A New "Option" For Crowdfunding Profits

By Matthew Milner, on Friday, February 7, 2014

Ordinary folks who bought Twitter shares at the initial public offering did pretty well…

As of today, they’re sitting on gains of about 50%.

But investors who bought Twitter shares pre-IPO – when the company was still private, but on the train towards a public offering – made a fortune.

Given the profit potential of this pre-IPO strategy, it’s tempting to try it. We even wrote an article about it last year. >>

More recently, we came across a new service offering access to pre-IPO profits.

Perhaps you’ve heard about it. It’s been in the news this week, and our subscribers have been emailing us with questions.

Initially, we were intrigued – but we grew more and more cautious as we started looking under the hood.

Today we’re going to tell you about it…

And tell you why you should steer clear.

Dating for Dollars

The new service is called Equidate.

Equidate offers a way for ordinary investors to try and profit from pre-IPO shares.

Here’s how it works…

Let’s say I’m an employee of a pre-IPO company. I’ve worked there for years, and as part of my compensation plan, I’ve earned 100,000 shares of stock.

On paper, the stock has a value of $10 a share.

If my company IPOs in the future, the shares might be worth $25 or $50 each, maybe even more.

But a potential IPO doesn’t help me much today – my $1 million in stock doesn’t pay the mortgage or buy the groceries.

Now let’s say an investor like you is eager to own my shares. You think my company is the “next Twitter,” and you’re willing to pay handsomely for it.

Equidate is a marketplace. It acts as the middleman between us.  But there’s a catch – which I’ll explain in a moment.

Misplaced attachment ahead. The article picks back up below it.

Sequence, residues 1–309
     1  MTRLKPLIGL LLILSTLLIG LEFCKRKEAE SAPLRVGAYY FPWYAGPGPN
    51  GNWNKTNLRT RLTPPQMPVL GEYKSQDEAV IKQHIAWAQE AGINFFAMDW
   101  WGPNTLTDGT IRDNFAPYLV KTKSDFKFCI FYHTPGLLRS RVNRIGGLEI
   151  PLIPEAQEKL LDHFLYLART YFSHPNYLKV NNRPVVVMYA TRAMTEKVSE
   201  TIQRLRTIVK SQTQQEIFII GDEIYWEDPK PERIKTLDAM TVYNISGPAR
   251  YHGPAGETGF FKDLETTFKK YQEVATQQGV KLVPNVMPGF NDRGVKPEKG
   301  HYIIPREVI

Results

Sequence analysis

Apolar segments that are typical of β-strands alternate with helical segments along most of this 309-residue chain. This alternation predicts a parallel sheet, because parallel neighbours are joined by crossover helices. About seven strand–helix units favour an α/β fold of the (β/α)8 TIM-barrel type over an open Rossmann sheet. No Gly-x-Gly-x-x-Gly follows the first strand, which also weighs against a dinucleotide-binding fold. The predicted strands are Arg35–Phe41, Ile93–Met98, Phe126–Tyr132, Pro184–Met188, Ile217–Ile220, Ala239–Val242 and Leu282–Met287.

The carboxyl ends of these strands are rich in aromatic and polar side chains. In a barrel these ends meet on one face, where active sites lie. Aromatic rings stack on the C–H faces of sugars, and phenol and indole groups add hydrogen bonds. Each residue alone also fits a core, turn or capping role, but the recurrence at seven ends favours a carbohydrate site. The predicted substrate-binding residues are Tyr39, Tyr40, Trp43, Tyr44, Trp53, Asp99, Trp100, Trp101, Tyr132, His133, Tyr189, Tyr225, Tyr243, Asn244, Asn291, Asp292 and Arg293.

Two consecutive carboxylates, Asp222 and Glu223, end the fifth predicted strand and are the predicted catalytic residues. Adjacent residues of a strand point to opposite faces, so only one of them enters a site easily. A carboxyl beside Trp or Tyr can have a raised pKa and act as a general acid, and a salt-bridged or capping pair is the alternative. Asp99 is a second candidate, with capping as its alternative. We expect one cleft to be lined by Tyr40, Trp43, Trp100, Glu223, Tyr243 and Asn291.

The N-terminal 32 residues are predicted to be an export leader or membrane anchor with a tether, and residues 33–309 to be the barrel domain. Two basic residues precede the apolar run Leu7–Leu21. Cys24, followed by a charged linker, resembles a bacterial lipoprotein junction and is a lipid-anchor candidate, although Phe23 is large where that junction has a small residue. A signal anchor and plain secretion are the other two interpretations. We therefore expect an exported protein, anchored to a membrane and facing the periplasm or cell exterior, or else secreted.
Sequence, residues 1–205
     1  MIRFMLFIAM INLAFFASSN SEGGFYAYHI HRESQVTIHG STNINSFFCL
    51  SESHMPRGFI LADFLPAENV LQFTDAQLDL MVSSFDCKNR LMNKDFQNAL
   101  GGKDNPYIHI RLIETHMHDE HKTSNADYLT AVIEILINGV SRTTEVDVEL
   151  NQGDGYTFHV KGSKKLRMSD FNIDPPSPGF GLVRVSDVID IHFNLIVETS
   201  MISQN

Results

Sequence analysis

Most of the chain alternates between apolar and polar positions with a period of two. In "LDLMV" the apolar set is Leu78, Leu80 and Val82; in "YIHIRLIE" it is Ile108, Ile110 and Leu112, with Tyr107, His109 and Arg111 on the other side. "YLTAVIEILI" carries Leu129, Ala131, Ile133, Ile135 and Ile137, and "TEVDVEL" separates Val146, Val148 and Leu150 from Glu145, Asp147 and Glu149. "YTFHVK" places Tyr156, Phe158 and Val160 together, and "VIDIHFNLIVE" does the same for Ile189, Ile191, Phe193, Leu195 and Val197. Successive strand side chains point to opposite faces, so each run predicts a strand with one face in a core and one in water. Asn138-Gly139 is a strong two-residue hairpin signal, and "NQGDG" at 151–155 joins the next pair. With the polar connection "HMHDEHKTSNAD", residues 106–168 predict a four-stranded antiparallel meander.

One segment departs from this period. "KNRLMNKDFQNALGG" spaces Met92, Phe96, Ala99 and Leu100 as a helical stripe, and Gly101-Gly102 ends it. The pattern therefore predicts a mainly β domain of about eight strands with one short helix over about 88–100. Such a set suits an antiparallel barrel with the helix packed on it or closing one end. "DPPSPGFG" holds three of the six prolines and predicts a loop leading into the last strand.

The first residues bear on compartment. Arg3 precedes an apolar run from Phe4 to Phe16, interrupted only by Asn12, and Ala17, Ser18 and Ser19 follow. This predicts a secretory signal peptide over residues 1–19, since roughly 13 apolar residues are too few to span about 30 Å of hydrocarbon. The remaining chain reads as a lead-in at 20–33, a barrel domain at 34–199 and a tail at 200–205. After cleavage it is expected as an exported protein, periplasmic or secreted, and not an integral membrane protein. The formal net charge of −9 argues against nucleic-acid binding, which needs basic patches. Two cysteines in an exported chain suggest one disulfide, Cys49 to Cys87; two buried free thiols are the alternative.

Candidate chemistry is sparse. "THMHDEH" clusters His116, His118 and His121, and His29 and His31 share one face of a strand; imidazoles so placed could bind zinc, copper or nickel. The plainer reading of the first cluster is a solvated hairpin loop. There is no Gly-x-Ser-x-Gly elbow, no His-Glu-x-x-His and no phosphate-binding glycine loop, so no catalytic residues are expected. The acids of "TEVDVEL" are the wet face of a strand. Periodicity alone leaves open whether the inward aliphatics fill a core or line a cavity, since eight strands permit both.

Pre-IPO Marketplace… Take 2

Before Equidate arrived, other companies had tried setting up similar marketplaces.

Companies like SecondMarket, for example, matched employees (or ex-employees) who had big blocks of private stock with investors eager for the upside.

But these marketplaces never really blossomed…

First of all, they caused challenges for pre-IPO companies. These companies didn’t welcome the prospect of bringing new investors into the fold – investors they’d never met who’d now have access to sensitive information.

And secondly, they created headaches for the employees selling shares. Since their shares had legal restrictions, they couldn’t just sell them on SecondMarket as they pleased – they had to go ask their boss or CEO for permission. That’s awkward.

Equidate came up with a clever solution to these challenges…

A New “Option” for Profits

With their solution, no shares change hands between buyer and seller – so, theoretically, no issues exist about sensitive info, legalities, or permissions.

You give me $1 million in cash today – and I give you the proceeds of selling my shares at the IPO.

It’s like an options trade.

Why would I do this? Because for $1 million today, I might be willing to give up the potential for $2.5 or $5 million sometime in the future.

And since I haven’t actually “sold” my shares to you – you don’t own the shares, just the economic upside or downside – I don’t have to ask permission from my boss.

Too Clever By Half?

Sounds exciting, right?

Maybe…

But as a potential buyer, you can’t ignore the risks.

Not just the typical risks of a start-up or of pre-IPO shares – for example, the company doesn’t go public after all; or it goes public, but then drops like a rock before you can sell your shares…

But the risk of Equidate’s solution not working – or Equidate not staying in business.

The company is run by smarts folks, but it seems like they’re trying to get around existing securities rules.

Perhaps they’re being too clever about this.

If they run afoul of securities laws, they could get shut down.

Tread Carefully… or Just Steer Clear

So, despite the allure of big pre-IPO profits, we advise you to tread carefully…

In fact, for the time being, we advise you to steer clear.

If you missed the press about Equidate, here’s a good place to start >>

Best Regards,
Matthew Milner

Founder
Crowdability.com

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Tags: Twitter Investing Education Pre-IPO Late-stage Investing

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